2016/10/27

Impervious Surface Growth in Cookeville and Algood (2008-2012)

Impervious Surface Growth in Cookeville and Algood (2008-2012)
Imperious surfaces (IS) are characterized as those which water cannot permeate. Pavements like roads, sidewalks, driveways, and parking lots are examples, as are rooftops, bricks, stone, and concrete. IS can be classified from aerial imagery and shown on a map revealing where urban areas have developed and are developing. IS can be used to gauge the growth and development of a city, but it's not all fun and strip malls when it comes to IS.

IS is problematic for growing cities like Cookeville. Anyone who has driven on Jefferson or Willow after a hard rain knows that the water runs off quickly and turns the roads into rivers and pools. This is why the local, state, and federal governments regulate development and the runoff caused by them. What happens on private property doesn't stay on private property; it can wash down your driveway.

To complicate matters, local geology causes 28% of Algood, and 36% of Cookeville (which are conservative estimates) to drain through sinkholes into caves. Sinkholes are choke points which capture and hold water if they are filling faster than draining. The flooding that happened in Cookeville during the 2010 storms all resulted from sinkholes backing up and inundating residential, business, and industrial areas.

This map and accompanying information isn't intended to discourage the growth of Cookeville. With a growing population and economy, it's important to have places to live, shop, work, and recreate. This is why planned and managed growth is important for communities. By utilizing the best available tools and science, it's possible to grow a city, improve the welfare of its citizens, and not run afoul of nature... most of the time.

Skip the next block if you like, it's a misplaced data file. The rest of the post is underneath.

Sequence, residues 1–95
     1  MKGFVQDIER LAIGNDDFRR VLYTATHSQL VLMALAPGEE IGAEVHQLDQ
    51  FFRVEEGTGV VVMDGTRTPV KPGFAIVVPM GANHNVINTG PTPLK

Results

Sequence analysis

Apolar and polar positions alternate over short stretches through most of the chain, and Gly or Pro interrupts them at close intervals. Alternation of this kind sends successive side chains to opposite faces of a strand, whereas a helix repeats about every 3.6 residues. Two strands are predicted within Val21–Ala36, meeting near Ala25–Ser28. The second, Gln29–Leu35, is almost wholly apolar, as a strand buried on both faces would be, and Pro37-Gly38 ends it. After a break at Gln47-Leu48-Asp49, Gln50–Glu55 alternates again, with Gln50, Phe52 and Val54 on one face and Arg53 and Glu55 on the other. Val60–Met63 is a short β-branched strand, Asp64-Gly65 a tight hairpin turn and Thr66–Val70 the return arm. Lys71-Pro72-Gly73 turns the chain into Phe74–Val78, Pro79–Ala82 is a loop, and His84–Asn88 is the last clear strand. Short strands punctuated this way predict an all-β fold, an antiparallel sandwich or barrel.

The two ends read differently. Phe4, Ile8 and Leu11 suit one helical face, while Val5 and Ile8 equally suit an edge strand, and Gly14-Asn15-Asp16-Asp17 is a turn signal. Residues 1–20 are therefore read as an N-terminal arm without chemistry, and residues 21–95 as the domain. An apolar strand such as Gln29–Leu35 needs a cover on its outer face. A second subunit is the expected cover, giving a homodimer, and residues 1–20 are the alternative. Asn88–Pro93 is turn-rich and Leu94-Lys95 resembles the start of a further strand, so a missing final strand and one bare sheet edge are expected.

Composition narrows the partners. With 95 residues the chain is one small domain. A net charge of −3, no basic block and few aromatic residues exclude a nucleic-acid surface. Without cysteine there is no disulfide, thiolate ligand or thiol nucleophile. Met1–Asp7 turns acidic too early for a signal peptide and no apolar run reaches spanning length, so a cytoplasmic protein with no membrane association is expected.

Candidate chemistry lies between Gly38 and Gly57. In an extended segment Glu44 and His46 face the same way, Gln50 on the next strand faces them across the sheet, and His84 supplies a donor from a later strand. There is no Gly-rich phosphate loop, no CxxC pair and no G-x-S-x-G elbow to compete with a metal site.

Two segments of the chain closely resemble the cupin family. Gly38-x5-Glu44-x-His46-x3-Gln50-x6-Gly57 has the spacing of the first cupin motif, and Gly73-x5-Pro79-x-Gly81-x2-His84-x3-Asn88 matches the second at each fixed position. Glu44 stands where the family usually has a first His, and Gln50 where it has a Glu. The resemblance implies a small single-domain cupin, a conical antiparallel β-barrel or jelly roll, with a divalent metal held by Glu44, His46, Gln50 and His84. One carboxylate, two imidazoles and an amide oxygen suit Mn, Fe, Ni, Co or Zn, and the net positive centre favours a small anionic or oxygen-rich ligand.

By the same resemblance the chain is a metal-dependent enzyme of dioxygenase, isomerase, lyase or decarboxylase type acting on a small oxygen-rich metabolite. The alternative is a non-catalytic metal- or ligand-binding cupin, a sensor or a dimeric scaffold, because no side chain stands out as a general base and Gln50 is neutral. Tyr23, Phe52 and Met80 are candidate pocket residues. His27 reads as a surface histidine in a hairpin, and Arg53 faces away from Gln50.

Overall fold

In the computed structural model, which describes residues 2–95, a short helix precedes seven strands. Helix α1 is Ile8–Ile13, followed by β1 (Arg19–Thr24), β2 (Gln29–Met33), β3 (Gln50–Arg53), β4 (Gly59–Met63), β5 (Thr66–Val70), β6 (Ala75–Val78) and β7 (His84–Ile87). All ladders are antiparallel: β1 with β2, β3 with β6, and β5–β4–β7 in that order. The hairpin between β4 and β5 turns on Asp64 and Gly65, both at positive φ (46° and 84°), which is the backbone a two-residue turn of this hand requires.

Analysis involved use of NAIP imagery from early July of 2008, June of 2010, and late May of 2012. Data wasn't used from 2006 since it lacked the infrared band necessary to calculate Normalized Difference Vegetation Index (NDVI). Data from 2014 was excluded since it was shot in late October and was overestimating the amount of impervious area by an unknown, but large amount.

The NAIP imagery was converted to NDVI and a threshold was chosen based a number of calibrated points. While this isn't exactly revealing only urbanized areas (shadows seem to be a common false positive), this was the best method that I could find to satisfy my short attention span. As a result, I admit there to be error within the model of up to 15%. Since this is not academic, and I'm being transparent regarding my methods, I find this acceptable.

Watersheds were determined using Spatial Analyst's hydrology toolkit. Sinkholes deeper than 3 meters were selected (which is why the sinkhole drainage estimates were noted as being conservative) as pour points and watersheds were delineated.